They weathered an extraordinary year and have come out stronger.
Every graduating class has a lot to be proud of. But, perhaps more so than any other, the UC Class of 2021 has earned their diplomas in a year that has tested their mettle and forged their resilience and resolve.
Poised to embark on promising futures as doctors, educators, civic leaders, scientists, tech innovators and more, they have weathered an extraordinary year and come out stronger.
Altogether, more than 63,000 undergraduates and 21,000 graduate and professional school students are part of this historic class — UC’s largest and most diverse group of graduates ever.
Many of them, roughly 44 percent of undergraduate students, might not have arrived at this milestone were it not for the Pell Grant, federal funding that helps low-income students afford college.
Here are a few of their stories — testament to the power of higher education not only to create opportunity for those who attain it, but for all of us who benefit from their contributions.
Michael Grey // Human biology // UC Merced
Few students from the foster care system make it to college. That’s something new UC Merced grad Michael Grey wants to change. Not only does he have a shiny new Bachelor of Science degree in human biology, he graduated last month with highest honors and an almost perfect GPA.
He chalks his success, in part, to the support and community he built through Guardian Scholars, a program that exists on every UC campus for students who have been in the foster system. As someone who moved around a lot and was in and out of foster homes, “I didn’t have those childhood friends — the people who you go ‘way back’ with,” he said. “I found that at UC Merced.”
“My background has solidified my desire to give back, especially to help the people who have been dealt the hard cards,” Grey said.
He ultimately plans to go on to graduate school, but first, he hopes to spend a few years working in higher education to mentor and support students from disadvantaged backgrounds.
“When given the chance, they thrive, and I want to be a part of that process.”
Axana Rodriguez-Torres // Doctor of medicine // UC Irvine
Embarking upon medical school as a young woman, Axana Rodriguez-Torres could not have imagined the winding journey to arrive at the day, 22 years later, that she would become a doctor.
Yet the UC Irvine School of Medicine graduate, who has spent the last year caring for critically ill COVID patients and offering a comforting voice in their native Spanish, believes it was fate that took her on this strange and unexpected path.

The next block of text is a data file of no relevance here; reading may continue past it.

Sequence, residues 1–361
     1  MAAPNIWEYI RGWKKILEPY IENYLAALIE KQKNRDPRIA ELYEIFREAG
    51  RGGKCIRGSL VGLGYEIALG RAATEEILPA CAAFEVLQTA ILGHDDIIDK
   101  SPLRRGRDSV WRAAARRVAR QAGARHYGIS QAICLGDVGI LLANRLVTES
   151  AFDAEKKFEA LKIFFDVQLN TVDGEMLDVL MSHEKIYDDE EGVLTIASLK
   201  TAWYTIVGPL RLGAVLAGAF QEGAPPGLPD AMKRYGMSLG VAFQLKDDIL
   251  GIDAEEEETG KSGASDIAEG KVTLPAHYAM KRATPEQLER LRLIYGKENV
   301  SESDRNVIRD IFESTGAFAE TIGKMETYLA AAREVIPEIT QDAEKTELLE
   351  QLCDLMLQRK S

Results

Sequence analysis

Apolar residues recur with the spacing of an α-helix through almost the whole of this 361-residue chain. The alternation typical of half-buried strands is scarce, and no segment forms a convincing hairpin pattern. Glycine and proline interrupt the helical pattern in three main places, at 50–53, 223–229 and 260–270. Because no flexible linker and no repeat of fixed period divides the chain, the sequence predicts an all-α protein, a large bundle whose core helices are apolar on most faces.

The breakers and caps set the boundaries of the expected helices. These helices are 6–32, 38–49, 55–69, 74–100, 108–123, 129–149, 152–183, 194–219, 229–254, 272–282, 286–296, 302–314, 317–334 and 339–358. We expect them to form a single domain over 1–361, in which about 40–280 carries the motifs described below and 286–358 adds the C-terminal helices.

“This journey has put medicine at the heart of my life. It’s become not what I do but who I am,” said Rodriguez-Torres, who is now off to residency at Massachusetts General Hospital.
She was 17 when she enrolled in medical school in her hometown of Bogota, Colombia. But just months after beginning her education as a doctor — something she’d dreamed of since she was a child — her family was threatened with violence due to her father’s political beliefs. Forced to flee almost overnight, Rodriguez-Torres had to leave everyone and everything she knew behind — including her cherished spot at the Universidad Nacional de Colombia.
Upon arriving in the U.S., Rodriguez-Torres cleaned houses with her mom, and worked for more than a decade helping people with taxes and other paperwork before transferring to UC Davis, where she volunteered at Clinica Tapati, a free clinic that served a very low-income, largely Latinx community. “My role was limited but I was able to take vitals and be with patients. That was when I really felt I was on my path.”
After graduating and getting a master’s degree in public health from UC Davis, Rodriguez-Torres applied to UC Irvine School of Medicine as part of the UC PRIME program, which trains and places healthcare providers in underserved communities.
During December’s COVID surge, Rodriguez-Torres was at patients’ bedside day and night. “I saw this as my duty and my mission to show up when patients needed me most,” she said.
“I would grab their shoulder, grab their hands and tell them very closely, ‘You are not alone, I’m here.’ Sometimes, it was the last thing someone said to them. And if I hadn’t been there to speak to them in Spanish, they wouldn’t have been able to hear it.”
Deidre Reyes // Sociology // UC Riverside
A teen mom who barely made it through high school, Deidre Reyes never thought she was smart enough to go to college.